Chuck (left) and Phil Milliman racked up gold medals in the pole vault at the Birmingham 2017 National Senior Games in Alabama earlier this month. Photos courtesy of the Milliman family

Millimans earn gold at National Senior Games

Chuck and Phil Milliman of Sequim are getting up there. And no, that isn’t a comment on their respective ages.

The duo swept the pole vault events at the Birmingham 2017 National Senior Games in Alabama earlier this month, with both earning top-five all-time seniors games marks.

Chuck, an 85-year-old retired minister who didn’t pick up running until he was in his 40s and has since completed his own “ultra” runs, cleared the 5-foot 8-inch mark to take the third-best Senior Games 85-89 division mark of all time. Arizonians Carl Wafford (1997) and Donald Pellman (2001) share the record of 6 feet.

Chuck was assured of a gold medal in the event after he found he was the only competitor in his age bracket. He joked that “everyone else chickened out when they heard Chuck Milliman was competing.”

“I don’t know why we only had the one (competitor); usually we have around four or five,” Chuck said. “I just lucked out. All I had to do was vault one foot (to get the gold).

“I tried to break the record but just missed it.”

Chuck also took home gold in the high jump, clearing 1.05 meters (about 3 feet 6 inches) that ties him for 10th all-time in the 85-59 age bracket.

In this event, unlike the pole vault, he had a half-dozen competitors vying for top honors.

“This is the first time I have ever placed in the high jump; I always place fourth, fifth or sixth,” Chuck says. “I just felt good. I felt relaxed and jumped; everything came together.”

Chuck also competed in the 100- and 800-meter races, placing fifth in both. He said he was happy with his 100 time (20.69 seconds; John Hurd of Florida won in 17.43) while he didn’t expect much in the 800 after only doing one training run; he finished in 5:29, while Delwin Cobb of Texas won in 4:28.

“I didn’t expect to do much (in the 800),” he said. “I spent most of my time training for the pole vaulting.”

Son Phil made the most of his Senior Games, knocking off a competitive field in the 65-69 age group pole vault with a 10-foot, 6-inch effort that ties him for third place all-time in Senior Games history. Joe Johnston of Arizona (2011) and Boo Morcom of New Hampshire (1987) share the top mark with 11 feet.

Brad Winter of New Mexico placed second behind Phil at 10-2.

“I almost got 11 — just needed more practice,” Phil says.

Phil, 66, also competed in the high jump at this year’s National Senior Games, placing fourth with a 4-foot 8.25-inch effort. James Sauers of Georgia took first (4-11.75).

A pole vaulter in his prep years in Bellingham with a top mark of 12 feet, good enough for districts, Phil Milliman didn’t pick the sport back up until his mid-30s.

“I was kind of shy and I didn’t have my own poles,” Phil says.

He began competing once more when his brother-in-law started a community recreation program and organizing all-comers meets in Bellingham. That led Phil to vie for top spots at all-comers meets, consistently vaulting in the 9- to 11-foot range at the state Senior Games and meets like the Port Angeles Senior Games.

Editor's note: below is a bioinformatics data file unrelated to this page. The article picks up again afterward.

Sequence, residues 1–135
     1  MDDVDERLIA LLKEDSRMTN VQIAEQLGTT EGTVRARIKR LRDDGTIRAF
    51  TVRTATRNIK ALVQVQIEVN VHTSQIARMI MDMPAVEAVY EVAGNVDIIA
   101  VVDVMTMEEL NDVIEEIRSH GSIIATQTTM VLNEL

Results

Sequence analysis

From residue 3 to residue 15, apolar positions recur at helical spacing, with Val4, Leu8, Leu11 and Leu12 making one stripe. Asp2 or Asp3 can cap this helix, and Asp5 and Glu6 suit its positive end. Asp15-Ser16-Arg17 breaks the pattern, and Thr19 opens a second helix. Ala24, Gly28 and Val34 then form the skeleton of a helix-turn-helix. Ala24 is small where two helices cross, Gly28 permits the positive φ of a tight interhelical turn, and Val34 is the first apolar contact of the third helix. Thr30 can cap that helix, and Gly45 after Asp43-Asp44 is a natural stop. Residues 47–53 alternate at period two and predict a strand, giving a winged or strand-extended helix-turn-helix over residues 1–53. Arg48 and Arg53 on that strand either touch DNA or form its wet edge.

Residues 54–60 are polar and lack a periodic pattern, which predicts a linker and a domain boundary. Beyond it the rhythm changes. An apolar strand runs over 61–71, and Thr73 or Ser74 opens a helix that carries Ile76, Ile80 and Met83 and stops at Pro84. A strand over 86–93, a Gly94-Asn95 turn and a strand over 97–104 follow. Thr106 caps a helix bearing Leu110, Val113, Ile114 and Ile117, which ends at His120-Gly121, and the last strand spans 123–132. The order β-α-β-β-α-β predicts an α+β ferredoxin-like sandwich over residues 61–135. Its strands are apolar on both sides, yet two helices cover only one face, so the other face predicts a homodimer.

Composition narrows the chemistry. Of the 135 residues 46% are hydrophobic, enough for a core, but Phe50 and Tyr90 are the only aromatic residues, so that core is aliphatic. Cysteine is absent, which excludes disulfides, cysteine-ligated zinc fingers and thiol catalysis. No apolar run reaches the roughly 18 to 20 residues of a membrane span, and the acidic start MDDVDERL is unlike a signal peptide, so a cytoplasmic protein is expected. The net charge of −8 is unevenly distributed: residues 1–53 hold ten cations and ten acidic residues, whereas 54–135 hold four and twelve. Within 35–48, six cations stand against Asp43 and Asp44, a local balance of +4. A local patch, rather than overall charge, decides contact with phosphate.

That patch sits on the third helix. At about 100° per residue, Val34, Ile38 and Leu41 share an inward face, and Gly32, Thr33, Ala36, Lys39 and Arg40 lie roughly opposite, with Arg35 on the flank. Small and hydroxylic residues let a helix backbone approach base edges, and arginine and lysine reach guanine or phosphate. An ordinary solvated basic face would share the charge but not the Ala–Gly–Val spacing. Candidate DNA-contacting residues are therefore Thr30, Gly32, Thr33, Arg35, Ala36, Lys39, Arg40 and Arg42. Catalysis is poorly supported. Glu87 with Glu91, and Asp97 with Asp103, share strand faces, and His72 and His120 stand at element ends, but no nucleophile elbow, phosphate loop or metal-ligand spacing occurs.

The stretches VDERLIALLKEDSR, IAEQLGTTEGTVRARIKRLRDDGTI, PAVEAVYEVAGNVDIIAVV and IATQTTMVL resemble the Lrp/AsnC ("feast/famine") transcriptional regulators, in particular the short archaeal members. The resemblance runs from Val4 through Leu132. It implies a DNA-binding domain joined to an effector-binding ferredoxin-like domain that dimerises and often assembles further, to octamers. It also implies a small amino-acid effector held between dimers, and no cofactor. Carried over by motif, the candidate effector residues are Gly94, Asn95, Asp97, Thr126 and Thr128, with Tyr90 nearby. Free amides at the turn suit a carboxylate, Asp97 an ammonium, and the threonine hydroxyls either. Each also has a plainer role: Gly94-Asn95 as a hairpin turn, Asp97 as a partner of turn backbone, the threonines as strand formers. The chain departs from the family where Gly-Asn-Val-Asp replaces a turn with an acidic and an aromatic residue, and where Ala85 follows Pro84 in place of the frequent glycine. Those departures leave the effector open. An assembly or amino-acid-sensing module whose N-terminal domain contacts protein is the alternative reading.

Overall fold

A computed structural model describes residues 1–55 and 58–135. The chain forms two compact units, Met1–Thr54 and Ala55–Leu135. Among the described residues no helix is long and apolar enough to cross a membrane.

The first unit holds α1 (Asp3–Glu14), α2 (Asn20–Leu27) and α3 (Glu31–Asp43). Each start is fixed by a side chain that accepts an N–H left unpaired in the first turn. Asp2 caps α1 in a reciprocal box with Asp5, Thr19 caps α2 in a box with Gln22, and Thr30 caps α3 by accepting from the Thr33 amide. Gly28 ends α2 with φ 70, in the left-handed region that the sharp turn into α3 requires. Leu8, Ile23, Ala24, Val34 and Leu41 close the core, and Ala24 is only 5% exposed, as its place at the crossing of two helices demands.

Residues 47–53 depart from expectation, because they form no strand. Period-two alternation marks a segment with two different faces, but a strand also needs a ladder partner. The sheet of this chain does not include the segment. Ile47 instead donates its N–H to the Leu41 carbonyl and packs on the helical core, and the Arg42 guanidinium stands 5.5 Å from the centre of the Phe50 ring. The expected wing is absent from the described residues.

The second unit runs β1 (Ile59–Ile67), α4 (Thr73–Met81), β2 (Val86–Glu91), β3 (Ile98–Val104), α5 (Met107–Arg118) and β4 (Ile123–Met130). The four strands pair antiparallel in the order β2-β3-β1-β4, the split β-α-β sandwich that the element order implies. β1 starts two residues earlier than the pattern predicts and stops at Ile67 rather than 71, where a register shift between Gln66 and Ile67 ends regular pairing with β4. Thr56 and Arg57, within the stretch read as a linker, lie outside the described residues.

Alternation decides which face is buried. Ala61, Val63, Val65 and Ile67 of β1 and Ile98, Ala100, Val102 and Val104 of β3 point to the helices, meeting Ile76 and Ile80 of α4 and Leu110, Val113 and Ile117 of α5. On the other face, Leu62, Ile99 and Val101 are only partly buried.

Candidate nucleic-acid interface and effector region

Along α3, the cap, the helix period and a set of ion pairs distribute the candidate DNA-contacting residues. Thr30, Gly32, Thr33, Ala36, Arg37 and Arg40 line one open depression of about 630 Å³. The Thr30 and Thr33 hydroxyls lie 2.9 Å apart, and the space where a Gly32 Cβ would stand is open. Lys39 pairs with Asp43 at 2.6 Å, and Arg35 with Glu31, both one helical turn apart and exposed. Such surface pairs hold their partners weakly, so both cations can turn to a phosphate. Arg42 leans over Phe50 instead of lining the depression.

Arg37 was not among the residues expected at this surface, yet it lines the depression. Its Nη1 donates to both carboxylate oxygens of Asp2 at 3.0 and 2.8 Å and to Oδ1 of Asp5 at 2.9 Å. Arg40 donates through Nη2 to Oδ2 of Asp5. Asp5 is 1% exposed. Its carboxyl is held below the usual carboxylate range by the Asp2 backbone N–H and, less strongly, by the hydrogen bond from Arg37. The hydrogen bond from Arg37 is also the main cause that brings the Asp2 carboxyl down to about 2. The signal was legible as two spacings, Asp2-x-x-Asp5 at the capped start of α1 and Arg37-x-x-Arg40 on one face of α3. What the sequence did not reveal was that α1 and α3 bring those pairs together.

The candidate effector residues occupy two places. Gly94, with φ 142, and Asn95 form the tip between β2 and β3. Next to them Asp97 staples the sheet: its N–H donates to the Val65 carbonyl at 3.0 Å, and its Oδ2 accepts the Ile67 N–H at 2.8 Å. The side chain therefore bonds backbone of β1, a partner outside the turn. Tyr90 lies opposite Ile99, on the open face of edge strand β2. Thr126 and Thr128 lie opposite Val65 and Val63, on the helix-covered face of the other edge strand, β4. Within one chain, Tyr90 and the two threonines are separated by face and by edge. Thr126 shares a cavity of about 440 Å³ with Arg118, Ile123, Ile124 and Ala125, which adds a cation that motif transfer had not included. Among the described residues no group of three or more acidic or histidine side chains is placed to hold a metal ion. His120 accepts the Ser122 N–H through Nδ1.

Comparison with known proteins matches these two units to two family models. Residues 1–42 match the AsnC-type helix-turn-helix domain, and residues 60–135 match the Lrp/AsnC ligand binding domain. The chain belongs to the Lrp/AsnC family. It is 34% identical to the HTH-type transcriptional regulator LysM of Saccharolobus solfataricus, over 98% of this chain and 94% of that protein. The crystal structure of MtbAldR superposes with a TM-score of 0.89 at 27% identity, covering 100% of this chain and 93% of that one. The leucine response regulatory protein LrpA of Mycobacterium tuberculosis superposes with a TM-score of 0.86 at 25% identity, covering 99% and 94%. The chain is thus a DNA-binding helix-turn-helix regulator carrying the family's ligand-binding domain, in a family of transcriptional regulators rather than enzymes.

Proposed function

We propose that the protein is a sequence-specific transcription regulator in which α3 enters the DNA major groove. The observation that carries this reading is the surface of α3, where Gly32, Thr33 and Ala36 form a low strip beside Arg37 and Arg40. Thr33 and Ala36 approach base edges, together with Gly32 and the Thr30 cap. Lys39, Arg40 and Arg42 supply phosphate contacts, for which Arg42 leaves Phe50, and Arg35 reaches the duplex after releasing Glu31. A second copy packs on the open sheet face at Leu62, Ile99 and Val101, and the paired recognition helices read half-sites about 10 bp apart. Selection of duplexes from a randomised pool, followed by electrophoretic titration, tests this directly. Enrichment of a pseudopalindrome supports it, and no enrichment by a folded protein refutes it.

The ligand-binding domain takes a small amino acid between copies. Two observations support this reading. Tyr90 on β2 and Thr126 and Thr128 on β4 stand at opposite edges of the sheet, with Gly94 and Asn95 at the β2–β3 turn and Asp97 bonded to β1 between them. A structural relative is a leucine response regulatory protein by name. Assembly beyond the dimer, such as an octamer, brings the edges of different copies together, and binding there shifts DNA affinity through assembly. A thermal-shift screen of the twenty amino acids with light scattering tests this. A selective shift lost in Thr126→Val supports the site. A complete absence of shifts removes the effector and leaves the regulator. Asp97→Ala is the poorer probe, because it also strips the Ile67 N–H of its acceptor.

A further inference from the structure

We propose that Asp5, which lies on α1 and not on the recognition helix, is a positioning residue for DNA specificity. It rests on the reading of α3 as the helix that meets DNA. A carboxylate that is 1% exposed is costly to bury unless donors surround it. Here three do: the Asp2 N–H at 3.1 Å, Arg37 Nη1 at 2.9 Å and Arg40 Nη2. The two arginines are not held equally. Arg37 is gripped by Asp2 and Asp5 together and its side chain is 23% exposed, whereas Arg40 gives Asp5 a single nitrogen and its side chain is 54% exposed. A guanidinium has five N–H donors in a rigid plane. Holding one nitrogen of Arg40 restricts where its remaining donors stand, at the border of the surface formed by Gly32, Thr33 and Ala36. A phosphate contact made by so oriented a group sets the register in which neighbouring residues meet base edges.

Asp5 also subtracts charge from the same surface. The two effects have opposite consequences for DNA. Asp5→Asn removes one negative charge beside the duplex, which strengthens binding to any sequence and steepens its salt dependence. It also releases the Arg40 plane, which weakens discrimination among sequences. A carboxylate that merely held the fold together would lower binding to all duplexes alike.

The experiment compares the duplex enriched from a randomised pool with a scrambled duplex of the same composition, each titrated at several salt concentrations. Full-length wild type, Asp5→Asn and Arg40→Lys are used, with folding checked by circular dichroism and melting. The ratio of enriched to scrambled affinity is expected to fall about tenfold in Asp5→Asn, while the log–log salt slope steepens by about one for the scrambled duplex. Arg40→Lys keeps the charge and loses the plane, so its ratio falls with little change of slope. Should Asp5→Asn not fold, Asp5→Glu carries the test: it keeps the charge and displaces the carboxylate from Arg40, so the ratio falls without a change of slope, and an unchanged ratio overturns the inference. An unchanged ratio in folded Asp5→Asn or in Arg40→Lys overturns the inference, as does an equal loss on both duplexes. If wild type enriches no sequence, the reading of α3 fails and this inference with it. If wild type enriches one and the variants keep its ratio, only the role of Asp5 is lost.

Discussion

“My goal is to keep my technique consistent. With luck I can keep up in that level,” Phil says.

It doesn’t hurt that the family has a pole vault pit to use, the Millimans say.

“We had a chance to get a used (pole vault) pit so we got it; we have it in our backyard,” Chuck said.

The Millimans are used to pole vault medals. Phil, now 66, is a repeat champ after taking first place in the 60-64 division Senior Games in Houston in 2011. Chuck won gold in 2009 in the 75-79 age category and was third in 2011.

The pair have competed in four of the five recent biennial National Senior Games since 2009.

This time around, however, it was gold and national championships for both.

“I always dreamed of having him and me win golds at nationals,” Phil says.

The Millimans also spent time touring the area near the National Senior Games, taking in the sights at the Birmingham Civil Rights Institute, the Edmund Pettus Bridge in Selma and more.

Phil says they enjoyed watching their competitors and making new friends.

“W always enjoy seeing old people do their best,” he says. “I love to watch the different age groups doing different events. You make a lot of good friends. It’s just really fun to go to those meets).”

Chuck says he plans on competing at the 2017 Washington State Senior Games in Olympia, with track and field events slated for July 21-22. He plans on vying for gold in the 50-, 100- and 800-meter runs, high jump, long jump, standing long jump and, of course, pole vault.

He said vaulting marks tend to drop off as competitors age because it’s harder to keep strength in the arms and shoulders.

“The older we get, we don’t move around so much; you start getting stiff,” Chuck said. “(But) I can still run pretty good.”

The National Seniors Games were held at Samford University, June 6-11.

For more about the Senior Games, visit

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